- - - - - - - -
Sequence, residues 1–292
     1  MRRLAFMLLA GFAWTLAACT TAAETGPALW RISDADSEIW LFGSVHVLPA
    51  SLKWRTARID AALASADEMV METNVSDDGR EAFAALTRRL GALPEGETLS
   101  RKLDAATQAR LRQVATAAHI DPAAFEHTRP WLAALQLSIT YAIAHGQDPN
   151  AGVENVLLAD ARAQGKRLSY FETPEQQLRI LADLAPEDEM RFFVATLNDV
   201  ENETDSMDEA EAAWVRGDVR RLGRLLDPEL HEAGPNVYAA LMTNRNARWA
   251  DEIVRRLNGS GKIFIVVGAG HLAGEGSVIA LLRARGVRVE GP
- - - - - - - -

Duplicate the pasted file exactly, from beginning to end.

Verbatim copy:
Sequence, residues 1–292
     1  MRRLAFMLLA GFAWTLAACT TAAETGPALW RISDADSEIW LFGSVHVLPA
    51  SLKWRTARID AALASADEMV METNVSDDGR EAFAALTRRL GALPEGETLS
   101  RKLDAATQAR LRQVATAAHI DPAAFEHTRP WLAALQLSIT YAIAHGQDPN
   151  AGVENVLLAD ARAQGKRLSY FETPEQQLRI LADLAPEDEM RFFVATLNDV
   201  ENETDSMDEA EAAWVRGDVR RLGRLLDPEL HEAGPNVYAA LMTNRNARWA
   251  DEIVRRLNGS GKIFIVVGAG HLAGEGSVIA LLRARGVRVE GP